Not-Happy New Year: EMS Unions Call Use of Trainees Bad Sign

FDNY Calls EMT Shortage Temporary, Expects Full Staffing in Spring

By BOB HENNELLY | The Chief | January 7, 2019 | Link to free article

The Fire Department’s decision to deploy 68 Emergency Medical Service Trainees on New Year’s Eve, perhaps the busiest tour of the year, proves the city has a serious EMT shortage that puts the public’s well-being at risk and drives up response times, according to the unions that represent the EMS workforce.

“The FDNY is running with dozens upon dozens of ambulances off-line each tour due to the fact that 900 of our members left our service to become firefighters just in the past year,” Oren Barzilay, president of District Council 37’s Local 2507, said in a phone interview. “And that’s not including the dozens upon dozens of our members that just left for the NYPD. They’re leaving faster than the FDNY can hire replacements.”

30% Short on EMTs?

Mr. Barzilay estimated that the EMS is 30 percent below its authorized headcount for Emergency Medical Technicians.

“People in New York City will die due to an ambulance and supervisor staffing shortage created by the FDNY,” said Vincent Variale, president of DC 37’s Local 3621, which represents the EMS officers.

Deputy Fire Commissioner Francis Gribbon said in an email exchange that New Year’s Eve’s deployment went well and that New Year’s Day was busy, with close to 4,600 assignments citywide. He added that the trainees were supplemental personnel who “were not performing primary care—rather, their presence was more a training experience that we have often used over the years on expected busy periods, whether New Year’s Eve or during an expected citywide emergency like a snowstorm or hurricane.”

Mr. Gribbon said that the department’s biggest impediment to full EMT staffing was a lack of space and teaching staff. “We only have capacity to train 180 Probationary EMTs at a time due to space and staffing, and the New York State Dept. of Health has a student-to-instructor ratio requirement,” he said. “The main issue is space at Fort Totten. In anticipation of promotions to Firefighter last year, we went more than 500 over budgeted headcount for EMTs. We will graduate approximately 180 new EMTs later this month, and expect to get back to full headcount in the next few months.”

Point to Pay Gap

Mr. Barzilay and Mr. Variale have testified on multiple occasions before the City Council that it is the EMS pay scale, which is tens of thousands of dollars lower than for Firefighters, that is responsible for the shortage because it builds in an incentive for their members to seek a “promotion” to firefighting, and even to the NYPD, as soon as they are eligible.

“We are now in a situation where New York City fast-food workers can make $15 an hour but a starting EMT’s pay is just $16 an hour,” said Mr. Barzilay. “I am not taking anything away from fast-food workers, ’cause they sure deserve it, but our members hold people’s lives in their hands; we bring people back to life. Where’s the logic with that?”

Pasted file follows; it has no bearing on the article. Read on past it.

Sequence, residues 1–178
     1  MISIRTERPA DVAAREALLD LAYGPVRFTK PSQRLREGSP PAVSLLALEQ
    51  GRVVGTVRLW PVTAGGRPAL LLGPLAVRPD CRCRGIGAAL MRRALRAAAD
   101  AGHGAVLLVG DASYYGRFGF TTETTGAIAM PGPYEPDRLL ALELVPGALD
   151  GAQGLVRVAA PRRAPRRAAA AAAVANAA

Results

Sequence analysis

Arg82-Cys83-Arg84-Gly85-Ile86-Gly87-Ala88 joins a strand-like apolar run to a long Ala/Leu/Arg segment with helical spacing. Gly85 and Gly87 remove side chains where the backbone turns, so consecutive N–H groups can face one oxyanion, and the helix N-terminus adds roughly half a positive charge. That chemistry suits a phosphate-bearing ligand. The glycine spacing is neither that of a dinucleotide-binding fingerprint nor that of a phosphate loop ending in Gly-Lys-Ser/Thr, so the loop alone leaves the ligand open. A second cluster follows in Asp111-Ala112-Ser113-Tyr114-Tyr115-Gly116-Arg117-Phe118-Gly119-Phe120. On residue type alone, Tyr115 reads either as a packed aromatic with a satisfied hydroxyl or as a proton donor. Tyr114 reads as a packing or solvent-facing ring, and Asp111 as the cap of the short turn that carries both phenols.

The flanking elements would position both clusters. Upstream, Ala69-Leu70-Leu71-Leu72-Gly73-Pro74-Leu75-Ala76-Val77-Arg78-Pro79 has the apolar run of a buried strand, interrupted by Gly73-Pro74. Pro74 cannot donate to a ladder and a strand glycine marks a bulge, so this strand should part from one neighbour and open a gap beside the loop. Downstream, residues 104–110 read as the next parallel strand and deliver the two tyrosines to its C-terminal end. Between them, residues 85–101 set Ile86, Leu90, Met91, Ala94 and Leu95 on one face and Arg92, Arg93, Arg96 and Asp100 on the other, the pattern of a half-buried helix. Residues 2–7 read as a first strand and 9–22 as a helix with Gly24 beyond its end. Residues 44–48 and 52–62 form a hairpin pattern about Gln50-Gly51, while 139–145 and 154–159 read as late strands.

“When it comes to retention, the problem lies with the lack of pay and promotion opportunities for EMTs,” said Council Member Joseph Borelli, chair of the Council’s Fire and Emergency Management Committee. “If those opportunities existed throughout the EMS ranks, we would not be holding our breath every time there is a promotions class and we have to brace for the exodus of talent.”

He will hold an oversight hearing Jan. 14 to take a closer look at city emergency-response times.

According to the latest edition of the Mayor’s Management Report, response times to life-threatening medical emergencies for city ambulances averaged 7:17 for the most-recent fiscal year measured, as compared to 6:34 for the previous fiscal year.

Average response times to the same kinds of medical emergencies by fire units also went up, but only by four seconds, according to the MMR. The most recent report showed fire-engine medical-emergency response times were averaging 4:43, compared to 4:37 for the previous fiscal year.

‘City Falling Short’

Last year the Citizens Budget Commission, a non-profit, pro-business public finance monitor, reported that when it came to responding to those most-serious medical calls, the city had been losing ground in recent years.

“The City is falling short of a National Fire Protection Association benchmark that response to an incident requiring Advance Life Support care should be by an ALS ambulance within 9 minutes at least 90 percent of the time,” according to the CBC. “The FDNY historically has held itself to a lower standard of ALS response of 10 minutes 90 percent of the time; according to the FDNY, in 2017 only 57.6 percent of ALS responses to ALS incidents met that benchmark. In fiscal year 2011 this figure was significantly better at 80.5 percent.”

Dr. Kevin Munjal, a New York City-based Emergency Medical Service specialist and author, maintains that the Mayor and City Council should be concerned about the perennial churn of talent out of the EMS workforce.

What’s Needed

“I think how dedicated and professionally committed they are in terms of building a medically-centered career really matters for patient outcomes, both for today, and in the future,” he said. “You want a pre-hospital care system that is always improving and innovating…comprised of skilled health-care providers…constantly pursuing knowledge and seeking out additional experiences to improve their abilities to perform critical assessments and life-saving interventions for the people of our city.”